OXFORD, Miss. – Three 19-year-old white male freshmen from Georgia were declining through their attorneys late Thursday (Feb. 20th) to be questioned by university police regarding the vandalism Sunday morning of the University of Mississippi's James Meredith statue, according to University Chief of Police Calvin Sellers.
Sellers said the University Police Department had gathered enough evidence by late Wednesday to bring charges through the student judicial process against two of the students. Both state and federal authorities were working in close coordination to determine whether criminal charges were applicable, he said.
Working through an advisor to the students, university police had arranged a meeting for Thursday morning, Sellers said, but the students did not appear as promised. As university police were attempting to locate the two students late Thursday, they became aware of an Oxford attorney who was representing one of the students, which then led to information that three students had retained legal counsel.
Two of the students were those being sought by university police, but all three names had been prominent in the investigation, according to Sellers. He said the attorneys declined to make their clients available for questioning without an arrest warrant.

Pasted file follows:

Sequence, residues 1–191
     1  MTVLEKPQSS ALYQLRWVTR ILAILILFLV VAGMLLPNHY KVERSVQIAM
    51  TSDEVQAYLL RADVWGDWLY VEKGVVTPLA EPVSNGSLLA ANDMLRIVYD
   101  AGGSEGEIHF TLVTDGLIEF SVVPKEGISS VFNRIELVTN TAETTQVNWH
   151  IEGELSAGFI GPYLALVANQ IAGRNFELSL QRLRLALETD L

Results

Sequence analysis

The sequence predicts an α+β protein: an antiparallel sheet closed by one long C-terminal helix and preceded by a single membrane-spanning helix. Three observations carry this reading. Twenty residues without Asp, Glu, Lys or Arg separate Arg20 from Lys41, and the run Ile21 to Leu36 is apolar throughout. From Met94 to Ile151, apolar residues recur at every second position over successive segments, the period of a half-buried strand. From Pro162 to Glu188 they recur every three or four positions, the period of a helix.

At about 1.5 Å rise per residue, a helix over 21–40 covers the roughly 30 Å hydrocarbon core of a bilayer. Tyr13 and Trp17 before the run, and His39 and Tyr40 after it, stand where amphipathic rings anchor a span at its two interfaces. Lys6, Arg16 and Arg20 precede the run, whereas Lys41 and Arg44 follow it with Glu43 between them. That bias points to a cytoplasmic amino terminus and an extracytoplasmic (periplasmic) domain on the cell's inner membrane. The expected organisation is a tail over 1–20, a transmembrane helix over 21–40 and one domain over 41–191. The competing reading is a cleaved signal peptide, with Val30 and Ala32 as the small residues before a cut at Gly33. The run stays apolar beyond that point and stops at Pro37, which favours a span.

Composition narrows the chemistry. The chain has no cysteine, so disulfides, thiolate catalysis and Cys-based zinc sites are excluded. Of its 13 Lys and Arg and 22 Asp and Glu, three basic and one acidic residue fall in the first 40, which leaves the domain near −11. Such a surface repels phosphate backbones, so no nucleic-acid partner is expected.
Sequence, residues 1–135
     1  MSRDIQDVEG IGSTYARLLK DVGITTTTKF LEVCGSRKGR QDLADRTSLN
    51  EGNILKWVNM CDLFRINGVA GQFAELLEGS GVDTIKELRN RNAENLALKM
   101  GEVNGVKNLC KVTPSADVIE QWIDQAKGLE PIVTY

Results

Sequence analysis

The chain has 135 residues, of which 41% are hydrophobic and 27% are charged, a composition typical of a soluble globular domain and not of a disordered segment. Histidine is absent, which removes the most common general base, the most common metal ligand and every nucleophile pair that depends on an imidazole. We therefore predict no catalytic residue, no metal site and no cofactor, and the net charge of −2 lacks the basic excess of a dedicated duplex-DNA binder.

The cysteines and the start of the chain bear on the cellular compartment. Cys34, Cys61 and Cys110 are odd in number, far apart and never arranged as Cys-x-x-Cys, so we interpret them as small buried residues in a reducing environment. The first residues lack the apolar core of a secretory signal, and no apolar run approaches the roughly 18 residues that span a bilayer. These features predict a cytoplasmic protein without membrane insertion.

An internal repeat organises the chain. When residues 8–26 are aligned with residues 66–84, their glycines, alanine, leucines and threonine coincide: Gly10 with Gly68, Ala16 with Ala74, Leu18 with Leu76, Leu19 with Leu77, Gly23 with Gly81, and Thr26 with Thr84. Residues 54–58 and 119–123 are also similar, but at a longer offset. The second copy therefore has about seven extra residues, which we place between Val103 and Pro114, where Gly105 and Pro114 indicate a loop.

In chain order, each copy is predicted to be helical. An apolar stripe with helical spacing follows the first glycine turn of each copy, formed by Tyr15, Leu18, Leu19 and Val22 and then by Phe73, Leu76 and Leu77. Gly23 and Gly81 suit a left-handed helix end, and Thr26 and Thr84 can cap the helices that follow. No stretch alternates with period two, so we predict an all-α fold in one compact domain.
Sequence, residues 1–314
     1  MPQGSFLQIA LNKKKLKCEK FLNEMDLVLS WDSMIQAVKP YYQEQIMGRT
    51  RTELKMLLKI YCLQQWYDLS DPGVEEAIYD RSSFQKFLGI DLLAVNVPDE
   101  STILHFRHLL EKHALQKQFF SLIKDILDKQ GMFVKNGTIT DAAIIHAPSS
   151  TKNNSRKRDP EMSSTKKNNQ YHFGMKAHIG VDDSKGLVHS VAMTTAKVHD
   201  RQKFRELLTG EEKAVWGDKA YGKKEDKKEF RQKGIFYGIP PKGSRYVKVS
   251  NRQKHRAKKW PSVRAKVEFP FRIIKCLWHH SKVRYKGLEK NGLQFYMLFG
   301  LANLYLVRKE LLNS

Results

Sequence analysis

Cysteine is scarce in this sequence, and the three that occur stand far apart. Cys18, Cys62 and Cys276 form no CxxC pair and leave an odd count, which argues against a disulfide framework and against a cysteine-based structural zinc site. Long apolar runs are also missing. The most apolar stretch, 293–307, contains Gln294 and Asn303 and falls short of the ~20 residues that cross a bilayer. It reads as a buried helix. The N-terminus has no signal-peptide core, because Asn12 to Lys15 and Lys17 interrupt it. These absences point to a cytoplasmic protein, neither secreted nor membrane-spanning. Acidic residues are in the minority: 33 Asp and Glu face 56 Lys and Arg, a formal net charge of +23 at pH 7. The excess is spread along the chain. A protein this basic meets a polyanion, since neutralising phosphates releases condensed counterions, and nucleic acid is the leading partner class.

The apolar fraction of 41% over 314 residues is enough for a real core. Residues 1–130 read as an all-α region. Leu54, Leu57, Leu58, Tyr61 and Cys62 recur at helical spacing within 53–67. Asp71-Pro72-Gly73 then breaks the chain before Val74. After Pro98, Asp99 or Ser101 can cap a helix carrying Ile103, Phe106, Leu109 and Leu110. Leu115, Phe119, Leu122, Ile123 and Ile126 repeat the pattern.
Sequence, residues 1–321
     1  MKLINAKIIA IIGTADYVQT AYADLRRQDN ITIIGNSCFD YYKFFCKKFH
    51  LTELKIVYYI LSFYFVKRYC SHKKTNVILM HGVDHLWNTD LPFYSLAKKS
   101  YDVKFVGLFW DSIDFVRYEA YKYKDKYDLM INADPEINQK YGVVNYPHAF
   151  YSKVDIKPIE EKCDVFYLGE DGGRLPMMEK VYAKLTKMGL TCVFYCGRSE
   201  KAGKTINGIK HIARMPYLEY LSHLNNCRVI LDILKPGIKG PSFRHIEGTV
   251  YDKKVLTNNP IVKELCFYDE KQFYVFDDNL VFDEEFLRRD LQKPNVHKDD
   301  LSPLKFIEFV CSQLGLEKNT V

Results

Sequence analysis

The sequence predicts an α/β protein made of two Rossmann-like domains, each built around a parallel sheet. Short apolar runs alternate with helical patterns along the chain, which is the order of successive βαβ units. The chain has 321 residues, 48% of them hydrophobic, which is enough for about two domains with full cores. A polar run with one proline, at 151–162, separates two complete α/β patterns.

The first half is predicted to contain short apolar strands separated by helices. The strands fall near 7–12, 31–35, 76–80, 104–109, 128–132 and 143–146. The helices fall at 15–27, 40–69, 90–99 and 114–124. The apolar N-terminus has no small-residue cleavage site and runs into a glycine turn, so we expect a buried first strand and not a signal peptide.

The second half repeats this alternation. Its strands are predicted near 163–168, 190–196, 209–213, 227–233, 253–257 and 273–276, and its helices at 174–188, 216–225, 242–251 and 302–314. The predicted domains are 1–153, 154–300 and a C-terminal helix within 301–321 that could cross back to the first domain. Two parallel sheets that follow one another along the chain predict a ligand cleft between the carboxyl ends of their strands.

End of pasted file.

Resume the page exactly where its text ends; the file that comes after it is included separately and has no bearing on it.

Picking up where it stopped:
Sellers and University of Mississippi Chief of Staff and General Counsel Lee Tyner said they believe sufficient evidence exists to bring criminal charges against the suspects. They pledged to provide whatever support is needed for state and federal authorities to issue warrants and pursue legal measures to the full extent of the law.
Tyner said the student judicial process would call on the students to respond but can proceed without their cooperation, Tyner said. The Family Educational Rights and Privacy Act (FERPA) does not permit the university to release the names of the students unless criminal charges are filed.
The Meredith statue commemorates the 1962 integration of the university. During the Sunday incident, it was draped with a noose and an old Georgia state flag. The desecrators were heard shouting racial slurs. Chancellor Dan Jones condemned the action as contrary to the beliefs and values of the university community.
"These individuals chose our university's most visible symbol of unity and educational accessibility to express their disagreement with our values," said Jones in a written statement. "Their ideas have no place here, and our response will be an even greater commitment to promoting the values that are engraved on the statue – Courage, Knowledge, Opportunity, and Perseverance."
Sellers said the $25,000 reward offered by the university's alumni association has been instrumental in bringing quick results in the investigation, generating numerous leads. Those with additional knowledge that may be helpful to the investigation and prosecution are encouraged to contact UPD at 662-915-7234.